Whether meat is purchased from a supermarket or your local friendly butcher, much of it is packaged on trays with a soaker pad as the absorbent base. (Trays made from foam or expanded polystyrene (EPS) are being phased out in Australian states throughout 2022). That packaging adds up to a whole lot of material that can’t be recycled. Soaker pads – which absorb the liquid that naturally seeps from meat and poultry, preventing pooling in the bottom of the package – are generally made from silica gel and cellulose (which aren’t harmful to the environment), but they’re wrapped in a thin plastic film that’s not recyclable. But a new-generation recyclable meat tray is changing the game.
The secret ingredient in this tray? Recycled polyethylene terephthalate, or rPET. In Australia, PET is used in a range of products, including water bottles, food containers and shampoo bottles. When it’s recycled, it becomes known as rPET, and can be used to create goods like pallet straps, panelling, carpet and clothing fibres – and now, even meat trays. But rPET isn’t the most noteworthy thing about the trays. The hexagonal cells use surface tension to capture and retain fluid to prevent any leakage. The fluid is captured away from the meat to prevent pooling, improve presentation, keep the meat in better condition, and eliminate the need for a plastic-covered soaker pad.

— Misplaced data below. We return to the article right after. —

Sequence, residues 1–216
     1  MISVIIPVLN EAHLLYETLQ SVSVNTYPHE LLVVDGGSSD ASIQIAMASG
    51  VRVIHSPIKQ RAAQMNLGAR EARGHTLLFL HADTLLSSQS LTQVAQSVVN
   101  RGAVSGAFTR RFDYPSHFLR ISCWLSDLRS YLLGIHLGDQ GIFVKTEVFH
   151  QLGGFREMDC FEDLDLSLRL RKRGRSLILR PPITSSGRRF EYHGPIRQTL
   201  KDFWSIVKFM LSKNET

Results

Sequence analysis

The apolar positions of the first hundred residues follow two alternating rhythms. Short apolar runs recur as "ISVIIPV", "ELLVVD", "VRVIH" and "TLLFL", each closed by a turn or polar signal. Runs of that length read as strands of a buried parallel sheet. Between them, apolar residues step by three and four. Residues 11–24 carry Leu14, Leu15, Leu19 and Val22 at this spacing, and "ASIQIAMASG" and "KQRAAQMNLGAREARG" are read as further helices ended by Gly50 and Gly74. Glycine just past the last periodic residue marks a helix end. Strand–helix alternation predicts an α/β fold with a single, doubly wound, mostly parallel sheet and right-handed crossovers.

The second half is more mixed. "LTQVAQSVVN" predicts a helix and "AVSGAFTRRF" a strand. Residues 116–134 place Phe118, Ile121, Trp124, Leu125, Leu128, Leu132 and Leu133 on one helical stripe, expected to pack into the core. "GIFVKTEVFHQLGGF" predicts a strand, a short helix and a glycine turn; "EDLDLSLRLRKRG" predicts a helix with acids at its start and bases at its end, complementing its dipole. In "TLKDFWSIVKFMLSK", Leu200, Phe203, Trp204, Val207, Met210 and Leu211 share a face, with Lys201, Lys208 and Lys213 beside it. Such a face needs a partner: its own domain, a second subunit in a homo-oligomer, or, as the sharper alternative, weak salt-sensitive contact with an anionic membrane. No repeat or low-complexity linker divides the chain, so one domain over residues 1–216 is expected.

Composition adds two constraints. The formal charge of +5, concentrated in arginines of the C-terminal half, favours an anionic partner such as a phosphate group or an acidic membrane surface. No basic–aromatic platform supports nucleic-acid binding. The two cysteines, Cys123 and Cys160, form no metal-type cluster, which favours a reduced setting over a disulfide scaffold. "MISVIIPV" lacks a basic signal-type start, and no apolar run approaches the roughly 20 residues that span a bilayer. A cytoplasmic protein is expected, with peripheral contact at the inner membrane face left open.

For butchers, this is a quality, sustainable option, while eco-savvy consumers will also appreciate having one less plastic product to dispose of. The tray sizing is designed to match traditional foam tray sizing to ensure consistency for users and maximise the number of trays facing customers in a meat cabinet or display.
Wondering what the science is behind rPET? The process is reasonably simple. After PET bottles have been sorted at a recycling centre, the material is ground into “flakes”. The flakes are then washed, helping to separate any foreign materials, and disinfectants and detergents may be used to ensure complete purity.
The material is then rinsed to eliminate any remaining contaminants or cleaning agents before it’s ready to be “redeployed” as a manufacturing material.
The trays are sold by Revive, which also carries rPET cold cups and lids in its disposable food packaging range. “Our trays really have a great start-of-life/ end-of-life story,” says Felicity Kelly, Bunzl Australia & New Zealand’s Sustainable Solutions Lead. “Not only are they made from recycled PET, they’re also suitable for both Australia and New Zealand council kerbside collection. And they won’t end up as landfill – they’ll become new containers for further use.”